I’m not ashamed to admit that I’m a life-long lover of trains. Not so much in the ‘notebook at the end of the platform’ kind of way. Far from it, in fact. But there’s something undeniably liberating about walking into a station and jumping on a train to cross hundreds, if not thousands of kilometres while remaining firmly on the ground. While flying is fast, convenient and increasingly cheap, it is also somewhat of a social barrier in as far as you simply pass over countries rather than through them. Train travel, for me at least, offers the opposite: engagement, integration and a taste of ordinary life in whichever country you happen to find yourself.
Now, train travel in Sri Lanka is an interesting one. Compared to neighbouring India, the network isn’t particularly comprehensive, connections are poor and delays almost inevitable. Sure, the fares may be cheap, but overcrowding is a serious problem and journeys can often take much longer than by bus. It’s only when you start looking at the map and working out exactly where the railway runs that you begin to get an idea of what makes rail travel in Sri Lanka such a buzz topic these days. And I’m not just talking destinations here, oh no. I’m talking about the physical routes taking by the historic railway as it crisscrosses this mighty land. Ever dreamt of taking a train right along the beach, with giant coconut palms on one side and glistening blue water on the other? Stay tuned, because you’re not alone…
Colombo’s fort station is the island’s main railway hub, and pretty much every train starts or ends there which makes navigation simple, if not inconvenient at times. Services can be broadly split into two categories: The Colombo commuter services which, as you would expect, serve the Colombo area and as far south as Hikkaduwa and Galle. The remaining departures are a mixture of express and local services, which radiate across the island towards Jaffna in the north, Trincomalee in the east and Matara in the south. The main attraction, however, is the line that runs from Colombo to Kandy, before climbing into the highlands around Nuwara Eliya and onto the timeless backpacker enclave that is Ella. Such is the beauty of the scenery in this part of the island, that the journey itself has become somewhat of a pilgrimage for visitors, with many going out of the way to ride the section of track from Kandy to Ella – a trip which has been included in countless ‘Top 10 Railway journey’ lists. So, without further ado, here’s all you need to know about catching the train from Kandy to Ella…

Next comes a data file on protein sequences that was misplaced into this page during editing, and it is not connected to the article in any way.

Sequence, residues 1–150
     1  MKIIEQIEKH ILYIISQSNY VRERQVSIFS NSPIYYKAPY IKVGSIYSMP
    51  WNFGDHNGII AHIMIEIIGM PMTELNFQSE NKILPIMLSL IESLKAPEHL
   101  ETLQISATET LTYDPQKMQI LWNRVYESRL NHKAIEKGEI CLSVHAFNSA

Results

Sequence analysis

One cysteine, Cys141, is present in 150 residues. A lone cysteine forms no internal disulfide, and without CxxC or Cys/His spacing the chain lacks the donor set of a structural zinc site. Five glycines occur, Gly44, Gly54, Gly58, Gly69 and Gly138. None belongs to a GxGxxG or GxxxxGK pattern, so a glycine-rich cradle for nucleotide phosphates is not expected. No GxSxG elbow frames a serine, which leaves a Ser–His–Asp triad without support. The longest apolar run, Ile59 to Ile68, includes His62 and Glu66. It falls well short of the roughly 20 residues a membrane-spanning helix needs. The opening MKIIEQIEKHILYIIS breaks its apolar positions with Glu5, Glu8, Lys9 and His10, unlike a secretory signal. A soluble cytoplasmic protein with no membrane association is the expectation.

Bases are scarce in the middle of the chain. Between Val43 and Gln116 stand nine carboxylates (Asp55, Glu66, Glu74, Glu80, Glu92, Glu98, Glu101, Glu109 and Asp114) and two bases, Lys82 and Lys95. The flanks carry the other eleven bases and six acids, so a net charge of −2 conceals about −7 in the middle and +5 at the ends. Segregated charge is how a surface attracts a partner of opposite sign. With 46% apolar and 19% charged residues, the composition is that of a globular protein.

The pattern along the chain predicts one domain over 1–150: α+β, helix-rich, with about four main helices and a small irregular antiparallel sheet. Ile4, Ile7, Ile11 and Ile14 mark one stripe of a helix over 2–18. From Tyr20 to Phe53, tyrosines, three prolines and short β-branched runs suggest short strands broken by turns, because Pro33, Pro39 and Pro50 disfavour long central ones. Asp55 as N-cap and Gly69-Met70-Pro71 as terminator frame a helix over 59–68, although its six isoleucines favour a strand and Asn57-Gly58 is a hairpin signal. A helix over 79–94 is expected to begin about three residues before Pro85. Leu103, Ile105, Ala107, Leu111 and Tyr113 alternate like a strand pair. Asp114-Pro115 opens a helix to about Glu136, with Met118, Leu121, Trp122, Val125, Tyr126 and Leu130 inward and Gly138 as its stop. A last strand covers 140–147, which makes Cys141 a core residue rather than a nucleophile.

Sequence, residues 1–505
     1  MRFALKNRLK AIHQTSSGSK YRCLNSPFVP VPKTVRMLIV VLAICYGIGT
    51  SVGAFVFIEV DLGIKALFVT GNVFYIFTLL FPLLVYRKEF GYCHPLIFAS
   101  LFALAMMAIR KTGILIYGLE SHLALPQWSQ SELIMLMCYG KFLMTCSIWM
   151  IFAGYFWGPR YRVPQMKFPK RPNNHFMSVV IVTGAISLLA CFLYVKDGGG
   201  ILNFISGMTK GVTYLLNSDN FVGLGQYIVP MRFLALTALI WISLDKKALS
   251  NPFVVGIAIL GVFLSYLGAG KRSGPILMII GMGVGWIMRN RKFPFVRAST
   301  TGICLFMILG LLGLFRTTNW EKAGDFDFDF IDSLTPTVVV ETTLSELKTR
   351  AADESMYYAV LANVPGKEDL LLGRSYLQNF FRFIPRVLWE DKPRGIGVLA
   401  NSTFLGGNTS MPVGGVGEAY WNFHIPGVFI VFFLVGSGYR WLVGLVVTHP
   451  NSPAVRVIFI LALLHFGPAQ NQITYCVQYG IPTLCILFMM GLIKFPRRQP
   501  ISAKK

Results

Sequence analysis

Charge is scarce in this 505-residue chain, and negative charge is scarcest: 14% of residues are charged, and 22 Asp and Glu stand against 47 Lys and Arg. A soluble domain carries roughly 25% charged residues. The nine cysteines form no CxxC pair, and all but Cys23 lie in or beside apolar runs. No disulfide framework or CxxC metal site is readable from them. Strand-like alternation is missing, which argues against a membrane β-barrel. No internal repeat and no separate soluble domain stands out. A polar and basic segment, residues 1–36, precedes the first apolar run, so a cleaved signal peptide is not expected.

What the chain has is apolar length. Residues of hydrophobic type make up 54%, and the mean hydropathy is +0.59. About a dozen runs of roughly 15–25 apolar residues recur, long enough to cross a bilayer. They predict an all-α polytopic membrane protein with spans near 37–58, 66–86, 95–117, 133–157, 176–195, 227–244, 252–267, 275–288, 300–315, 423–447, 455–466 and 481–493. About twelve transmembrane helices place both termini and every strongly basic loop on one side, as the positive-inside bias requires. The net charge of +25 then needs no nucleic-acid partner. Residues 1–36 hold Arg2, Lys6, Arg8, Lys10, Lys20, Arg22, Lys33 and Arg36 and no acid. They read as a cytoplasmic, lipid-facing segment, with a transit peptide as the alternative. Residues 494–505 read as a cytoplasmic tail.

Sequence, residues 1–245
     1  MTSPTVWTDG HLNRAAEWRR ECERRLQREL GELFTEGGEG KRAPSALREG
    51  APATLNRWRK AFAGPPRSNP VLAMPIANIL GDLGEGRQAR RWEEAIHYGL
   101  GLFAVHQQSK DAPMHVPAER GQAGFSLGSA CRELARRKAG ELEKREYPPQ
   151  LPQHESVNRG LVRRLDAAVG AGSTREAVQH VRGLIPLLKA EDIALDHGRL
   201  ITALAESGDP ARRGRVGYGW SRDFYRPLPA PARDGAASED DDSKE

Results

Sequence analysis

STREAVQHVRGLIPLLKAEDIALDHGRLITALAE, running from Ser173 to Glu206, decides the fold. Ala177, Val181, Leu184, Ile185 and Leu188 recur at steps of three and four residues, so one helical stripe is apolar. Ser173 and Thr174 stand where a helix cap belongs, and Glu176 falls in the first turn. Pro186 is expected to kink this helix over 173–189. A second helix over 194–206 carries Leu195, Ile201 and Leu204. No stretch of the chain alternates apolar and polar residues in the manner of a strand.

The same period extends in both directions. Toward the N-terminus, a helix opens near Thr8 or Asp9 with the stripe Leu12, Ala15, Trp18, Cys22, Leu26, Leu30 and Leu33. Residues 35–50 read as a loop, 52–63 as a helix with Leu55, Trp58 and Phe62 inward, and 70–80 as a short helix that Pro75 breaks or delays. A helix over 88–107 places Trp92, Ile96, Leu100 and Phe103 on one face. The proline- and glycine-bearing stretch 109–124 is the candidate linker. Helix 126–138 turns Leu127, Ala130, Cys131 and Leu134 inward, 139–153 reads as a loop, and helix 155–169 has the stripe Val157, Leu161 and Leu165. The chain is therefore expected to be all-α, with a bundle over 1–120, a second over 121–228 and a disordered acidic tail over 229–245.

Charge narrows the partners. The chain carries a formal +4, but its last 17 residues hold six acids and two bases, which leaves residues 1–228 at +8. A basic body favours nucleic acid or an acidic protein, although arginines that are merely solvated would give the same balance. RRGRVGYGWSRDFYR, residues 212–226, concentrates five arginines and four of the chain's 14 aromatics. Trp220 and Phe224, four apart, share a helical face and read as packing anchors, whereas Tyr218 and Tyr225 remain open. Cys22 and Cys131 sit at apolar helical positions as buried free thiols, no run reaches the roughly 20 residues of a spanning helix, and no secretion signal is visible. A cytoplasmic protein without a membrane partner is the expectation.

What’s all the fuss about?
In a nutshell, the central highlands of Sri Lanka are amongst the most stunning scenery you can ask to experience. Throw into the mix a historic railway which carves it’s way gently through tea plantations, across stunning viaducts and between towering peaks, and you have a railway journey like no other.
Where does the train start and end?
The route in question runs between Colombo’s Fort station and Badulla, via Kandy and Haputale. While you can join or leave the train at any of the dozens of stations along the route, most visitors opt to join the train at Kandy and leave it again at Ella. This is generally considered to be the most scenic section and conveniently links two important destinations on most visitor’s itineraries!
How often does the train run?
Three trains per day in each direction run all the way from Colombo to Badulla, with an extra early morning service linking Kandy and Badulla. The entire trip takes around 10 hours, although the section from Kandy to Ella generally lasts about 6.5 hours – although be prepared for delays!
What are the trains like?